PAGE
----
Testing in this manner will be closer to testing the "packaged application" version of the app.

jruby -G -S rake war
java -Dfile.encoding=utf-8 -Xms256M -Xmx1024M -jar build/tabula.jar

If you intend to develop against an unreleased version of

, you need to install its JAR to your local Maven repository. From the directory that contains

mvn install:install-file -Dfile=target/tabula--SNAPSHOT.jar -DgroupId=technology.tabula -DartifactId=tabula -Dversion=-SNAPSHOT -Dpackaging=jar -DpomFile=pom.xml

Then, adjust the


Building a packaged application version

After performing the above steps ("Running Tabula from source"), you can compile Tabula into a standalone application:

Mac OS X

If you wish to share Tabula with other machines, you will need a codesigning certificate. Our distribution of Tabula uses a self-signed certificate, as noted above. See this section of build.xml for details. If you will only be running Tabula on the machine you are building it on, you may remove this entire block (lines 44-53).

To compile the app:

WEBSERVER_VERSION=9.4.31.v20200723 MAVEN_REPO= rake macosx

This will result in a portable "" archive (inside the

directory) for Mac OS X users.

Note that the Mac version bundles Java with the Tabula app. This results in a 98MB zip file, versus the 30MB zip file for other platforms, but allows users to run Tabula without having to worry about Java version incompatibilities.


You can build .exe files for the Windows target on any platform.

Download a 3.1.X (beta) copy of Launch4J.

Unzip it into the Tabula repo so that "launch4j" (with subdirectories "bin", etc.) is in the repository root.

(If you're building on a 64bit Linux, you may need to install 32bit libs like, in Ubuntu

sudo apt-get install lib32z1 lib32ncurses5


WEBSERVER_VERSION=9.4.31.v20200723 MAVEN_REPO= rake windows

This will result in a portable "" archive (inside the

directory) for Mac OS X users.

If you have issues, you can try building manually. (These commands are for OS X/Linux and may need to be adjusted for Windows users.)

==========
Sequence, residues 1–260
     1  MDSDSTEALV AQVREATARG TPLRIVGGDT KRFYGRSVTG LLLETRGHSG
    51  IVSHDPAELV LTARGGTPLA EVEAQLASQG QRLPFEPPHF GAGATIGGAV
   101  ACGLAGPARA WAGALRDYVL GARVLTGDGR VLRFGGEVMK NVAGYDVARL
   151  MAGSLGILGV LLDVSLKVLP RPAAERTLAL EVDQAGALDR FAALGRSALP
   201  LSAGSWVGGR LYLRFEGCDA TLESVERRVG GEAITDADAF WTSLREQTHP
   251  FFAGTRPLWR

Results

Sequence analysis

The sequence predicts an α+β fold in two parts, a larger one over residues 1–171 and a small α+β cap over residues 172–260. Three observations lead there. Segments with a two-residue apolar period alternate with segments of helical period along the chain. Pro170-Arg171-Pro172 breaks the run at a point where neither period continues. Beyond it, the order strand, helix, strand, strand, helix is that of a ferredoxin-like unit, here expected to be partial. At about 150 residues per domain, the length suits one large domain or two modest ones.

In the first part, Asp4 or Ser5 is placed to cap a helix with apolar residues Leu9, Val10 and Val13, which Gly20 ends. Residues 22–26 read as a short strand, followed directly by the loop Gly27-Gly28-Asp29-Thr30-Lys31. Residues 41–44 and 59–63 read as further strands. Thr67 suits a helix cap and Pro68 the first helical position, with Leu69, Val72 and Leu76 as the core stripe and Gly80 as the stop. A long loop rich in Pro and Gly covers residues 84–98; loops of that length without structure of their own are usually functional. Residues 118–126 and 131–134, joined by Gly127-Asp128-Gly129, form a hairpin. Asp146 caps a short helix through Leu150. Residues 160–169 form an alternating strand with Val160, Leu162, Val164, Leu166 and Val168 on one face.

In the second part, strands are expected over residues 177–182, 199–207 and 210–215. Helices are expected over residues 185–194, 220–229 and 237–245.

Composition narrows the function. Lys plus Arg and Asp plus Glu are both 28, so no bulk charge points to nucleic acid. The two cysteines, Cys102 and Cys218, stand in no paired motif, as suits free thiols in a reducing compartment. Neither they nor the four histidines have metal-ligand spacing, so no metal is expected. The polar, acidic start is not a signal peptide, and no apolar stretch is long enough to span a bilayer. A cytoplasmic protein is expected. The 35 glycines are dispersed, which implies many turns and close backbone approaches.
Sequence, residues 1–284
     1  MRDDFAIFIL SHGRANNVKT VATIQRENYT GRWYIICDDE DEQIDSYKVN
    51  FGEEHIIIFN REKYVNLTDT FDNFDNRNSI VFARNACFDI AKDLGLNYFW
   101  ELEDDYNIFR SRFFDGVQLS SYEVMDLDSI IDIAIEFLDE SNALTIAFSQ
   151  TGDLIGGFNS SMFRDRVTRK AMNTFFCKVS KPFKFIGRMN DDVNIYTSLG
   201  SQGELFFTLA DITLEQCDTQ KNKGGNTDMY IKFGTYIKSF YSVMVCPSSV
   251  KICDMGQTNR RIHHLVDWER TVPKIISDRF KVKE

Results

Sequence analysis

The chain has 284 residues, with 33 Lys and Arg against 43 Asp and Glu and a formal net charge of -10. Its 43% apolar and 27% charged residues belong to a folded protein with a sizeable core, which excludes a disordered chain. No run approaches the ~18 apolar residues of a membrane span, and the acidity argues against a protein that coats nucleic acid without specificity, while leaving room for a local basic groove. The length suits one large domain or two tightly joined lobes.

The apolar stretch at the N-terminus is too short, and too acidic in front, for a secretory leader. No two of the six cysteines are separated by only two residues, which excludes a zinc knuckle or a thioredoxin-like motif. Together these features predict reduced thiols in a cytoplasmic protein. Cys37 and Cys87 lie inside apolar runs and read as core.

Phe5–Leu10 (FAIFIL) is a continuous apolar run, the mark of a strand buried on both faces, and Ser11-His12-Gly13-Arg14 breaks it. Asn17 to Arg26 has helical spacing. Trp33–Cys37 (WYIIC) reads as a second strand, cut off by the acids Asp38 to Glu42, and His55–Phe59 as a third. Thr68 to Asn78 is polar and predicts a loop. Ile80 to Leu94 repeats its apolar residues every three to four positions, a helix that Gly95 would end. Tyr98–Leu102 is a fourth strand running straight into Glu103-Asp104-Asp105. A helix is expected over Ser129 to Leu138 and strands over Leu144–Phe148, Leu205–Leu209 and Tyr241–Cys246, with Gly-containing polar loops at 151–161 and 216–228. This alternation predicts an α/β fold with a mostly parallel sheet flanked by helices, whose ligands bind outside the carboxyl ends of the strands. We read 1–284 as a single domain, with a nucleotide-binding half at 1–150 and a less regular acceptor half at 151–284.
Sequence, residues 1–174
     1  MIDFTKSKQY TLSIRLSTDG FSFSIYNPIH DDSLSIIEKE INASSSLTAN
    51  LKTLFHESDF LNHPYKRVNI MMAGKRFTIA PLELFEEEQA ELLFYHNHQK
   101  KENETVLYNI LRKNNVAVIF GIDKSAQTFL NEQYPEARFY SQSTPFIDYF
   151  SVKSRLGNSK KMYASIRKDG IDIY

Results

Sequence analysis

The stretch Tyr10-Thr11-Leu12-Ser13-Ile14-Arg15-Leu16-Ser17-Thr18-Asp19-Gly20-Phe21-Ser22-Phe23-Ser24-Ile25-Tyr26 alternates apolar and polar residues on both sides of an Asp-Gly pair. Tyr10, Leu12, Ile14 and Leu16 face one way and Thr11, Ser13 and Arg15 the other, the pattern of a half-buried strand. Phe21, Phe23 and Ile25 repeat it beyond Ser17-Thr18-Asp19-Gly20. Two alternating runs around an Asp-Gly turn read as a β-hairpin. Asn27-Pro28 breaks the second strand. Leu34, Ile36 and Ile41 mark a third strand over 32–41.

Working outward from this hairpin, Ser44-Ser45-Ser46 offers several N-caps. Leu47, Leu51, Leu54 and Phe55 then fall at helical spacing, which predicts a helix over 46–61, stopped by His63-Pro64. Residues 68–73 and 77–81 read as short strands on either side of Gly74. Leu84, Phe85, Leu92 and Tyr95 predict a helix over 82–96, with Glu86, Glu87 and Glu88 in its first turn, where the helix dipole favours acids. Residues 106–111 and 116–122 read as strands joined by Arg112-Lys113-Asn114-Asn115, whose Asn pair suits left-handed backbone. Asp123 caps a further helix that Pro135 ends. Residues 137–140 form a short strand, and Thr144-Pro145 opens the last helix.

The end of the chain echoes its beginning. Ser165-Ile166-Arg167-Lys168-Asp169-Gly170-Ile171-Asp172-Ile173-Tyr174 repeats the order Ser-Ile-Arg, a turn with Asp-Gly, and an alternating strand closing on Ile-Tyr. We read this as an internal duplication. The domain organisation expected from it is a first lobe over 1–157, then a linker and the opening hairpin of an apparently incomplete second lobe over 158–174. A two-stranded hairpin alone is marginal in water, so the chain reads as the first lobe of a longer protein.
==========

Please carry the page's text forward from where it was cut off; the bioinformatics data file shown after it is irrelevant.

# (from the root directory of the repo)
WEBSERVER_VERSION=9.4.31.v20200723 MAVEN_REPO= rake war
cd launch4j
ant -f ../build.xml windows

A "tabula.exe" file will be generated in "build/windows". To run, the exe file needs "tabula.jar" (contained in "build") in the same directory. You can create a .zip archive by doing:

# (from the root directory of the repo)
cd build/windows
mkdir tabula
cp tabula.exe ./tabula/
cp ../tabula.jar ./tabula/
zip -r9 tabula
rm -fr tabula


Interested in helping out? We'd love to have your help!

You can help by:

  • Reporting a bug.
  • Adding or editing documentation.
  • Contributing code via a Pull Request from ideas or bugs listed in the Enhancements section of the issues. see
  • Spreading the word about Tabula to people who might be able to benefit from using it.


You can also support our continued work on Tabula with a one-time or monthly donation on OpenCollective. Organizations who use Tabula can also sponsor the project for acknolwedgement on our official site and this README.

Tabula is made possible in part through the generosity of our users and through grants from the Knight Foundation and the Shuttleworth Foundation. Special thanks to all the users and organizations that support Tabula!

The John S. and James L. Knight Foundation The Shuttleworth Foundation

More acknowledgments can be found in